In today’s forecast update, 21 days since our last, we have 23 rating changes for a whole variety of reasons. 15 are in the favor of Democrats, and 8 are in the favor of Republicans. Most of these changes are in state legislatures, with a good chunk in the state of North Carolina. We’ll work our way down the ballot with all of these rating changes, starting with the US Senate.
We are making two changes in our US Senate ratings, both in the favor of Democrats. In Colorado, a recent couple of polls saw former Governor John Hickenlooper (D) have a wide lead over incumbent Senator Cory Gardner (R): one had Hickenlooper up 17, and another had him up 18. Before this, the last poll conducted for this race had Hickenlooper up 11 in October. Two more polls had Hickenlooper up 13 in August. The only poll Senator Gardner has led in was a poll in September, up by 6, though the poll had a lot of undecided voters so we cast doubt on its accuracy. Given the tough environment for a Republican in Democrat-controlled territory, it’s unsurprising to see Cory Gardner struggle. With an average double digit lead for Hickenlooper, we’re moving this race from Lean D to Likely D.
In Montana, a poll earlier this month had incumbent Governor Steve Bullock (D) beating incumbent Senator Steve Daines (R) by 7 points, an astounding result. This is likely due to most Governors across the country seeing a bump in their approvals, with the incumbency advantage for Governors being stronger than ever before during a nationwide pandemic, as the Crystal Ball laid out here. The only other poll conducted for this race was conducted in March (when Bullock entered the race) and it showed a tie, though it was conducted by a Democratic pollster. Since Donald Trump is certain to win Montana this November though, history is against Bullock winning, as Seth Moskowitz explained in the Crystal Ball: it’s an extreme rarity for an incumbent senator to lose re-election while their party’s presidential candidate carries their state. Still, given the polling, we see only a slight edge for Senator Daines right now, so we’re moving the race from Lean R to Tilt R.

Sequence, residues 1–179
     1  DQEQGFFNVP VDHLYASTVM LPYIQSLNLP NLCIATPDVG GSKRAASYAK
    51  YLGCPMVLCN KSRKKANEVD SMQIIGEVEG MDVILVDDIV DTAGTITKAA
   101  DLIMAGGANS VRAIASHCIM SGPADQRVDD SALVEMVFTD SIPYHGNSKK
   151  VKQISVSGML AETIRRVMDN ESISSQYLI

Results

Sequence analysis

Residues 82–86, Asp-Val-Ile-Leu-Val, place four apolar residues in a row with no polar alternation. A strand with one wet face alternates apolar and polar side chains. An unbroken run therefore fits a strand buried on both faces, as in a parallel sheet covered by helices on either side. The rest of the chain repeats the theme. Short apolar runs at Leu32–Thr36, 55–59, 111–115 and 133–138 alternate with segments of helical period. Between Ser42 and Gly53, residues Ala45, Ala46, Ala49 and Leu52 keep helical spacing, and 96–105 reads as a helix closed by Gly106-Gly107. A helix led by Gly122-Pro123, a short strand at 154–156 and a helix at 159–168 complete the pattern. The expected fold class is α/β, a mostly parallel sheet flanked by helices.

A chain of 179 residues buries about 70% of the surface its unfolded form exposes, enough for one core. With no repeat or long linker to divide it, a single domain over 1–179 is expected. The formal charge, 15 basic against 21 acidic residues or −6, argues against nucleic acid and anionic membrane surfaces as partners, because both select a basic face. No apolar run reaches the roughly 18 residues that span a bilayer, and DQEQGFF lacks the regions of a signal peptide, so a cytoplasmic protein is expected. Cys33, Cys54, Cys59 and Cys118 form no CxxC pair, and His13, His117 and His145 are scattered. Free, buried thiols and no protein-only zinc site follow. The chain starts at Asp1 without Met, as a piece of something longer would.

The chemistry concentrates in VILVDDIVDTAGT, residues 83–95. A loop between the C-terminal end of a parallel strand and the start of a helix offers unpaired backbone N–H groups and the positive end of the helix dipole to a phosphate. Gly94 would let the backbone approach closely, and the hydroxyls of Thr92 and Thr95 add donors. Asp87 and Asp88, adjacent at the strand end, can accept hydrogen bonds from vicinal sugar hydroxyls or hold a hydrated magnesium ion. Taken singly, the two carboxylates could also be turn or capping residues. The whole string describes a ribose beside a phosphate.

US Senate Rating Changes
- CO-SEN | Lean D → Likely D
- MT-SEN | Lean R → Tilt R
Because of these ratings changes, the US Senate is now a Toss-Up in our book. In our last update, the odds showed that there was a 55.6% chance of a Republican majority, a 32.1% chance of a Democratic majority, and a tie at 12.3%. As of now though, the odds of a Republican majority are at 52.1%, a Democratic majority at 35.0%, and a tie at 12.9%.
In the US House, we also have two ratings changes, and each of these rating changes will be in races that are now favored to flip to the other party, with one in the leftward direction and one in the rightward direction. Due to Justin Amash not seeking re-election (and ultimately dropping his bid for the Libertarian nomination for president), we are moving the race from Toss-Up to Likely Republican, with Republicans now favored to flip a seat in the US House (from an Independent).